War of the Rebellion: Serial 087 Page 0228 OPERATIONS IN SE. VA. AND N. C. Chapter LIV.

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My force at Reams' Station consisted of about 6,000 arms-bearing men of the infantry, at most, and about 2,000 cavalry, excluding that part of the cavalry on picket from General Warren's left to the plank road. The enemy's force in not known to me. Prisoners were taken from Wilcox's and Heth's divisions, Anderson's brigade, of Field's division, and Hampton's cavalry, which was in large force. One brigade, if not two, of Mahone's division, was also said by prisoners to be presents. I forward herewith the report of Major-General Gibbon, Second Division; Brigadier-General Miles, First Division, and Brigadier-General Gregg, commanding cavalry. A tabular statement of casualties also accompanies this report.

The following officers of my staff were with me on the field and were unusually exposed, owing to the peculiar formation of the lines, and were prominent in the performance of their duties, especially in restoring order after the enemy broke my line:

Lieutenant Colonel F. A. Walker, assistant adjutant-general; Lieutenant Colonel C. H. Morgan, assistant inspector-general and chief of staff; Lieutenant Colonel J. S. Smith, chief commissary of subsistence; A. N. Dougherty, medical director; Charles Smart, assistant surgeon; Major A. W. Angel, Fifth New Jersey, topographical engineer; Captain Clark, commanding artillery; Captain E. P. Brownson, commissary of musters; Major W. G. Mitchell, aide-de-camp; Captain I. B. Parker, aide-de-camp; Captain W. D. W. Miller, aide-de-camp; Captain J. S. Conrad, Second Infantry, judge advocate; Captain W. P. Wilson, One hundred and forty-eighth Pennsylvania Volunteers, acting assistant-adjutant-general; Captain C. S. McEntee, assistant quartermaster.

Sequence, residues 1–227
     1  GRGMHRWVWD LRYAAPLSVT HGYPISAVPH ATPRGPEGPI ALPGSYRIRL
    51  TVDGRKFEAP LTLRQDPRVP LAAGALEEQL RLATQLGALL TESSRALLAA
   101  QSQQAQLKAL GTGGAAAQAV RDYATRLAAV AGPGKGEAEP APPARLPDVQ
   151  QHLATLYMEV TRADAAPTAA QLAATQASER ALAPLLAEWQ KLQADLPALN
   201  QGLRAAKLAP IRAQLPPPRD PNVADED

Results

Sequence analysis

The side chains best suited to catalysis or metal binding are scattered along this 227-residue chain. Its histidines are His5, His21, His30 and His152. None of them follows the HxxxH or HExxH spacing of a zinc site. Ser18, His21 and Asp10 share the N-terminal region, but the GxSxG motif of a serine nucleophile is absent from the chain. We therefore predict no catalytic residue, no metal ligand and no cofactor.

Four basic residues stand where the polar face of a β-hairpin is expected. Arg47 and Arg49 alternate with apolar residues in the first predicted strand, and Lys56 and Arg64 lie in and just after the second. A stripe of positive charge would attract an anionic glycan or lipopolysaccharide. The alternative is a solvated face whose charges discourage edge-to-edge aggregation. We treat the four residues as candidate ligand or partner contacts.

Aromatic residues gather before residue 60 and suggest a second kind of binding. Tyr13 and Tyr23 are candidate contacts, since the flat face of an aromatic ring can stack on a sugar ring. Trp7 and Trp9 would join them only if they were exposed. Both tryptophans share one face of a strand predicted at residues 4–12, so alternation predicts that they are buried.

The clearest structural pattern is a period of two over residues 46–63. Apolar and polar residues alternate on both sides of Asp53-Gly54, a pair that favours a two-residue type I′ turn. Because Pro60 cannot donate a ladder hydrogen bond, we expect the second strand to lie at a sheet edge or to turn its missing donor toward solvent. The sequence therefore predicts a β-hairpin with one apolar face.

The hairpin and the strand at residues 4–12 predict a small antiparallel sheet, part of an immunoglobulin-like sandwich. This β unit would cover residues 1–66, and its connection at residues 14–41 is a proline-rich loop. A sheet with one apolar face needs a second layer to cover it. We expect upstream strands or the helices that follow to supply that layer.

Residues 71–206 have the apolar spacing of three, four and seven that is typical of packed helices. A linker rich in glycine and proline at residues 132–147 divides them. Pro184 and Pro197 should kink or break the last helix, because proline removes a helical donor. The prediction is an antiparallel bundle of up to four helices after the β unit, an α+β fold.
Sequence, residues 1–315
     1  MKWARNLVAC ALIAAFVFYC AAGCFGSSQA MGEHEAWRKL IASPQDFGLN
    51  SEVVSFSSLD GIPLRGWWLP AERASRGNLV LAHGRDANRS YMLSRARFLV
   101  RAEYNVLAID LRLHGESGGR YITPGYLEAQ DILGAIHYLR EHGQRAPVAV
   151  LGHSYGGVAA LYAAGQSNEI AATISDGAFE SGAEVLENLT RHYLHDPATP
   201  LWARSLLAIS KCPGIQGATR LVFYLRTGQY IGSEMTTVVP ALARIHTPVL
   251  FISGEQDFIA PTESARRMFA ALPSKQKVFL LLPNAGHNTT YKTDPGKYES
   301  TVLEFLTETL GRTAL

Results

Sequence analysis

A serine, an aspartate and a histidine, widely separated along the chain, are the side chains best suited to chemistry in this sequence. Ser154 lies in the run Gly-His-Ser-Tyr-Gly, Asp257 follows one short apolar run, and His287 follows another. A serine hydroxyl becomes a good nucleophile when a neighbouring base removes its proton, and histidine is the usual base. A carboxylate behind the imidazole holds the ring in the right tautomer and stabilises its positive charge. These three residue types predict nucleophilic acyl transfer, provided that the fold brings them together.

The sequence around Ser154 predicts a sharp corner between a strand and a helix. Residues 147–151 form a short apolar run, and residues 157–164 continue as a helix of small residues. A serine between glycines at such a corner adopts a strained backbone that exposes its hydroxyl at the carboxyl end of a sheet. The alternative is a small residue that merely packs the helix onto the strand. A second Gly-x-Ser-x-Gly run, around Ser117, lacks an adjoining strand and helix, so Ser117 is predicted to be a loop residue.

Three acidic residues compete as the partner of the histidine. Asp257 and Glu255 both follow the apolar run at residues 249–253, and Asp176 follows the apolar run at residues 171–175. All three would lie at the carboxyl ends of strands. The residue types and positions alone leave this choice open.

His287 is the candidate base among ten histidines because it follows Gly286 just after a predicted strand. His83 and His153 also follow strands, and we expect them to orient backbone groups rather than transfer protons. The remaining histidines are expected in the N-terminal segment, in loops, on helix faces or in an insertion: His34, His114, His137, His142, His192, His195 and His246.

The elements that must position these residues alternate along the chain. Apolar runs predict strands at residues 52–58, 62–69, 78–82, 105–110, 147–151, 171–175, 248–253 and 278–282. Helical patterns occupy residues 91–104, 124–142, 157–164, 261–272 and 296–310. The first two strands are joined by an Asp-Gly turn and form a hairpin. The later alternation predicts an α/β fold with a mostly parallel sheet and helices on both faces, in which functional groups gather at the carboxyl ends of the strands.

I regret to record the death of Captain E. P. Brownson, commissary of musters, mortally wounded while conducting to the front men he had assisted in rallying. Lieutenant Colonel F. A. Walker, assistant-general, was sent to the front with an order just before the troops were withdrawn, and owing to the darkness rode into the enemy's lines and was captured. Private Canby B. Alrich, Sixty-ninth Pennsylvania Volunteers, chief clerk in the assistant adjutant-general's office, was employed during the day, in the temporary absence of my staff officers, as an aide, and performed the duty with great promptness and intelligence. The report of the chief of artillery has been delayed by the absence of this officer, but will be forwarded hereafter.

Tabular statement of casualties.

Killed Wounded

Command Officers Men Officers Men

Headquar-ters 1 ........... ........... ..........

Second

Army Corps

Artillery 1 10 1 19

Brigade

First 12 18 17 117

Division

Second 7 36 32 194

Division

Gregg's ......... 16 5 61

cavalry

division

Spear's 1 7 5 50

brigade

Total* 22 87 60 441

Missing Total Aggregate

Command Officers Men Officers Men

Headquar-ters 1 ....... 2 ....... 2

Second

Army

Corps

Artillery 3 77 5 106 111

Brigade

First 46 878 75 1,013 1,088

Division

Second 44 684 83 914 997

Division

Gregg's ........ 6 5 83 88

cavalry

division

Spear's ........ 13 6 70 76

brigade

Total* 94 1,658 176 2,186 2,362

Respectfully submitted.

WINF'D S. HANCOCK,

Major-General of Volunteers, Commanding.

Brigadier General S. WILLIAMS, Asst. Adjt. General, Army of the Potomac.

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*But see revised statement, pp. 129, 130

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